You can also open the capsule or crush the tablet and put it into food. Use only as much food as they will definitely finish. Make it a small serving and make sure they are hungry. After they've finished that serving, you can follow-up with more food. Baby foods are also an option. For dogs, you can mix the herbs with peanut butter if he likes the flavor. Mix them together and then stick it to the roof of the dog's mouth. He won't mind the process if he loves the smell of peanut butter. They work well for many. As the dog licks the peanut butter off the roof of his mouth, it will melt and he'll swallow the herbs with it
You can use a dropper to administer but be sure it is plastic and not glass. You can also use a syringe (without the needle). Be careful not to stab the back of the throat. It is recommended to insert the syringe while the mouth is closed as far back as the opening goes. Administer the liquid slowly so as not to choke the pet. Most pets will accept this method best. It doesn't affect the taste of their foods and it gets the dose down the quickest. You can also put liquids in the food or a broth.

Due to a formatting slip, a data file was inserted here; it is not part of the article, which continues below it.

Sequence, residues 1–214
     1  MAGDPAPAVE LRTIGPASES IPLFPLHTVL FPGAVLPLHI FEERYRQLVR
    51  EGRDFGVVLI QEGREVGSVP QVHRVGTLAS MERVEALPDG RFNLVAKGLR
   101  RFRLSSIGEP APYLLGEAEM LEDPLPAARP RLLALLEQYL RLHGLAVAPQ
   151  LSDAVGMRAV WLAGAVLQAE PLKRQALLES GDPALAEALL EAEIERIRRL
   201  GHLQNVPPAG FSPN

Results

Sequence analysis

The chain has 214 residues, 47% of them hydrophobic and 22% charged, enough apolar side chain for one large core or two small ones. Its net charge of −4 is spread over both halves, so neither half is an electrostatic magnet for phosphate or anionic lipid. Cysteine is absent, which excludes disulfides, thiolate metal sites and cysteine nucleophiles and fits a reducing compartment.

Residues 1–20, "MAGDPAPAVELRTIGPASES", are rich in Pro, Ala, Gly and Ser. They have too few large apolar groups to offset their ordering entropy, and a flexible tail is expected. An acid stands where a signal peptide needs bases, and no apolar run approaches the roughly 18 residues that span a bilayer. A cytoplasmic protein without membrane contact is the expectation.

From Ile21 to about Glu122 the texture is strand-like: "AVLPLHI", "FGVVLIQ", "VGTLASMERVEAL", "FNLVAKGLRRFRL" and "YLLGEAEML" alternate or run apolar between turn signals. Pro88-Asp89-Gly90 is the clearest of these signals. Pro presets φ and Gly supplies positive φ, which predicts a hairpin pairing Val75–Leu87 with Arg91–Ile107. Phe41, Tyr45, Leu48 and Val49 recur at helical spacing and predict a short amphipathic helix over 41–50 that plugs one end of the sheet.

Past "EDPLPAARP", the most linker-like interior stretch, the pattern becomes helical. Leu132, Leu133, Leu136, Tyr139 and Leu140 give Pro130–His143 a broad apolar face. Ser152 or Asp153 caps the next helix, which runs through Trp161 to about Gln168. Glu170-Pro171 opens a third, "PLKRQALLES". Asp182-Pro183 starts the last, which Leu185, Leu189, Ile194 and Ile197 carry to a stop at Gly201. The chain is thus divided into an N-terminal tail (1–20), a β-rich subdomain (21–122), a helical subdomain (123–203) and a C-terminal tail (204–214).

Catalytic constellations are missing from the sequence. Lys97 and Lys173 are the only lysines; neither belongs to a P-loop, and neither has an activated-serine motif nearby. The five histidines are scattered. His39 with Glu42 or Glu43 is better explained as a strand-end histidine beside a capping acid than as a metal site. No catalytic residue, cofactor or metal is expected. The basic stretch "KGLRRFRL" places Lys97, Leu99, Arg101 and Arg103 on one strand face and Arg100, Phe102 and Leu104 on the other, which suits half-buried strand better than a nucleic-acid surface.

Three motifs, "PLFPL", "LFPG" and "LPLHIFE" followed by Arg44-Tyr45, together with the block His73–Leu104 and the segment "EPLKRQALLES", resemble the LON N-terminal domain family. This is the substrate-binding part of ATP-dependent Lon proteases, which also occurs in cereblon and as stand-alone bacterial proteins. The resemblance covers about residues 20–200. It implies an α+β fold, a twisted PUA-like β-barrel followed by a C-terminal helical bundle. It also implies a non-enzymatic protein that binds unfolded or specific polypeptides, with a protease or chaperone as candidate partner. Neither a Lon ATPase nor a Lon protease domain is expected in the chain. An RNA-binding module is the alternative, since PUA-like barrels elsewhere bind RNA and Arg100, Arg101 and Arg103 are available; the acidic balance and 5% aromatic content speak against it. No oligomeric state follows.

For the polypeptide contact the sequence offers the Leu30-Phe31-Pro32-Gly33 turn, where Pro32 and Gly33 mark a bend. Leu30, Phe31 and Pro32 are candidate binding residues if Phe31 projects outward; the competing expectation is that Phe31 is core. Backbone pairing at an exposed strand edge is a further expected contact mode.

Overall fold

The skin is the largest organ of the body and readily absorbs what is put on it. That's why flea dips and other chemicals used on the skin are so toxic to your pet. If all else fails, you can rub the liquid into the pads of the feet or "bathe" the animal in a "tea" for absorption of nutrients. This makes it harder to know what you actually get administered, but it's a great option if you're using essential oils.
You can brew the herbs as a tea and administer by dropper or syringe, or use as brewed in the water bowl in place of water. If not brewed too strong, they will drink as usual and you can increase strength as they adjust to it. This method may make it hard to get enough of the medicinal properties in to effectively help the condition, but it's better than nothing and can be used in addition to other methods. You can brew relatively a strong concoction and add to a favorite meat broth for the water bowl. Have fresh water available at times also.